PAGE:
National Treasure

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It was in the National Archives that historian and all-around cool guy Benjamin Franklin Gates (played by Curbed's Hollywood favorite, Nic Cage) understood that the only way to save the Declaration of Independence was to steal it. The next time you step foot in this iconic building, be careful. Your inclination to follow in Nic Cage's footsteps might not end up with gold and getting the girl; we're talking jail time.

Forrest Gump

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For fans of the mid-1990s film, Forrest Gump, the scene at the Lincoln Memorial's reflecting pool can still bring tears in our eyes as we remember when Forrest runs through the pool to meet his love, Jenny. You run to her, Forrest. Run, Forrest. Run.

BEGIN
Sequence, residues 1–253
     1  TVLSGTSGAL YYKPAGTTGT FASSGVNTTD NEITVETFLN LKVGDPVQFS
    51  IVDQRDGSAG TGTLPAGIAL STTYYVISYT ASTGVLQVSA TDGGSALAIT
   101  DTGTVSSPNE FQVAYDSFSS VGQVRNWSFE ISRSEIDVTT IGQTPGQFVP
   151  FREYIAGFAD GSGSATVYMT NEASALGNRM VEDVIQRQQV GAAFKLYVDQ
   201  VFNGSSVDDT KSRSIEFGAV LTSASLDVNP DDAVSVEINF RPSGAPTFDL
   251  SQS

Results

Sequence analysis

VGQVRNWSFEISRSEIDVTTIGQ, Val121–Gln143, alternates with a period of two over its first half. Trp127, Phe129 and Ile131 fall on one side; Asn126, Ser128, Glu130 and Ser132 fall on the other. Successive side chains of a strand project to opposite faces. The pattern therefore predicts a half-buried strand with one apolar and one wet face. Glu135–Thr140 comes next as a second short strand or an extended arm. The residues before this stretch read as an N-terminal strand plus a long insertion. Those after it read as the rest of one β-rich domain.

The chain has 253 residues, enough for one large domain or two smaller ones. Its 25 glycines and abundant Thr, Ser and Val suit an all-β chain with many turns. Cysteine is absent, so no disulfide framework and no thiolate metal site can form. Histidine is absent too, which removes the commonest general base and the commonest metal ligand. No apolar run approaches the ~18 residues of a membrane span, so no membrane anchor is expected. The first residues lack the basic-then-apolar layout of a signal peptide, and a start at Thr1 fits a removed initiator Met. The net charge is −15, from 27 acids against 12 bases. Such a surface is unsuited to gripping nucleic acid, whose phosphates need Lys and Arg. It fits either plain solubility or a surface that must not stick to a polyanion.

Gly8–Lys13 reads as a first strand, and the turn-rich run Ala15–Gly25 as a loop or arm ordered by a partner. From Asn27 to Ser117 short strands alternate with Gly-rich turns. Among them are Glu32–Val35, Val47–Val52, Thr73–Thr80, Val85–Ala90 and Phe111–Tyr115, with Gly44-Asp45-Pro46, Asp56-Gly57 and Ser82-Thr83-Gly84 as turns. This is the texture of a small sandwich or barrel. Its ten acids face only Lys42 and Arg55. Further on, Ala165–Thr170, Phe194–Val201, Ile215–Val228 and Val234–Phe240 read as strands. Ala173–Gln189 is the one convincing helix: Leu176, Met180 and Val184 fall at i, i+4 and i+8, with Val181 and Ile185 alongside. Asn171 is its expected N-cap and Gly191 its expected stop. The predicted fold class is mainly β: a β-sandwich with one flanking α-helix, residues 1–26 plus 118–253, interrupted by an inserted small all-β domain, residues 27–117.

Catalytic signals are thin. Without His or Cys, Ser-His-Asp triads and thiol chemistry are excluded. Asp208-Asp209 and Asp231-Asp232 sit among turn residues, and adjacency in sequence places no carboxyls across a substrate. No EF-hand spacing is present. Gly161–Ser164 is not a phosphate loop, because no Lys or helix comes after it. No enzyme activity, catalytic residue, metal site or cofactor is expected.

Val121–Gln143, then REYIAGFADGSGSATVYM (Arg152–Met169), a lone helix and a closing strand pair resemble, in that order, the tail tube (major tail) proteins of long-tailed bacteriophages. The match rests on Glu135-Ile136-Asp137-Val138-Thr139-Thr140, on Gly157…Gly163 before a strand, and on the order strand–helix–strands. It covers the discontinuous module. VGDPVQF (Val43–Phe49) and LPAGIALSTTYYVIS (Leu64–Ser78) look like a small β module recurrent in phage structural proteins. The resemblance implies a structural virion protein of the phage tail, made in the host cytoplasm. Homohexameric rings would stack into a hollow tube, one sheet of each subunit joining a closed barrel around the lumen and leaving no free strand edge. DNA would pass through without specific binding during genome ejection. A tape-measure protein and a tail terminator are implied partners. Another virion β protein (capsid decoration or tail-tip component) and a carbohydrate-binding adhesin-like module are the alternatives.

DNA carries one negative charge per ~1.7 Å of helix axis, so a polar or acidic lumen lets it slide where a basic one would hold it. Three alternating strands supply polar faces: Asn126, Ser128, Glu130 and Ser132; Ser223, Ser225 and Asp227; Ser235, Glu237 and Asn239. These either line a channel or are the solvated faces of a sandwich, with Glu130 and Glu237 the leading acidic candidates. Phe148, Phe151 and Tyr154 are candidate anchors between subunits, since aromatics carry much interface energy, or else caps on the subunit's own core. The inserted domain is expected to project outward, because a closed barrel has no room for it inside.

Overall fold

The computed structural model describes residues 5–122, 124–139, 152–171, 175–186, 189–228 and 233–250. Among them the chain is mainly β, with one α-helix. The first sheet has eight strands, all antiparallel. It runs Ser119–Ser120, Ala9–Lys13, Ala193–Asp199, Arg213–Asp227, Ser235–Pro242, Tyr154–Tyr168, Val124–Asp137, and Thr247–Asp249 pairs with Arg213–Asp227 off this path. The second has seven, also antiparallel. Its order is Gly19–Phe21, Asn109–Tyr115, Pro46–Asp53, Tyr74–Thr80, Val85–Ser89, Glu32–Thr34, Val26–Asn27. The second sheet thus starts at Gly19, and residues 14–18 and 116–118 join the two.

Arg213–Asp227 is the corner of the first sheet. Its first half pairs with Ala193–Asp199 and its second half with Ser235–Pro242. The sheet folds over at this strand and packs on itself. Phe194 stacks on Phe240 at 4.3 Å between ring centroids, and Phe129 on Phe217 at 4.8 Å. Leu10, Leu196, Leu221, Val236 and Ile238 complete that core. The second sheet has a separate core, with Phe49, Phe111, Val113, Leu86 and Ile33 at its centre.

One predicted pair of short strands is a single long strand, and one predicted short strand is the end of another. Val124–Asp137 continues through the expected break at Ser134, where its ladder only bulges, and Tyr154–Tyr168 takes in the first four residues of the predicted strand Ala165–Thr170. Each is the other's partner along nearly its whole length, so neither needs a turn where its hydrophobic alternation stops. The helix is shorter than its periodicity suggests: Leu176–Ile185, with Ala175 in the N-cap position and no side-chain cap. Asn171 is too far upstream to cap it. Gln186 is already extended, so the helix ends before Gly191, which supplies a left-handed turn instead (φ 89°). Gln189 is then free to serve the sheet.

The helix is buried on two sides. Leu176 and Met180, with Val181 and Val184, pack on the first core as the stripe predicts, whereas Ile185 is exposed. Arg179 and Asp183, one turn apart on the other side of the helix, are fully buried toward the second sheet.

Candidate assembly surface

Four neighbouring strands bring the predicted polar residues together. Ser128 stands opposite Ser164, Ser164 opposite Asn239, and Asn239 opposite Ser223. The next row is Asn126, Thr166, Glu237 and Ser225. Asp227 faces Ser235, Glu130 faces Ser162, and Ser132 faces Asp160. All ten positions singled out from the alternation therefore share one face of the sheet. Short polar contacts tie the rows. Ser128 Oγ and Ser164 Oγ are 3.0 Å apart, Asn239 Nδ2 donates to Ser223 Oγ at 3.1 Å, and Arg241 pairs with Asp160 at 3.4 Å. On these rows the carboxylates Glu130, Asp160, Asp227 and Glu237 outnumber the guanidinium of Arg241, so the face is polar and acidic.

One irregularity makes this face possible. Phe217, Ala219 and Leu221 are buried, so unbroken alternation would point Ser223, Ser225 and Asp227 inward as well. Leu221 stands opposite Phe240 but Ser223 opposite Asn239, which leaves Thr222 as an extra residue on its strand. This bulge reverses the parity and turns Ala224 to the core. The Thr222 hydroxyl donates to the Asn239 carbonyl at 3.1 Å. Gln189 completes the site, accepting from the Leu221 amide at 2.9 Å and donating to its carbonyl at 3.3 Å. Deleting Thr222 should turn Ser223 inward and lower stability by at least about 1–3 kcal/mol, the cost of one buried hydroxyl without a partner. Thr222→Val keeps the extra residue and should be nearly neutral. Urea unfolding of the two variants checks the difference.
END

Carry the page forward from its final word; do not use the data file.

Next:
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The Exorcist

Okay, a staircase might not seem like the most exciting film location to visit, but these stairs were so notable in the 1970s supernatural horror film, The Exorcist, that they are to receive a plaque on October 30, 2015, roughly 45 years after the film was released. The famous scene that was filmed on the steps was the death of Father Karras.

Earth vs. The Flying Saucers

While films like Independence Day may be most known for scenes of utter destruction in the nation's capital, it was the 1950s classic, Earth vs. The Flying Saucers, that really helped the doomsday ball start rolling. Aliens, space scientists, what more do you need?

Independence Day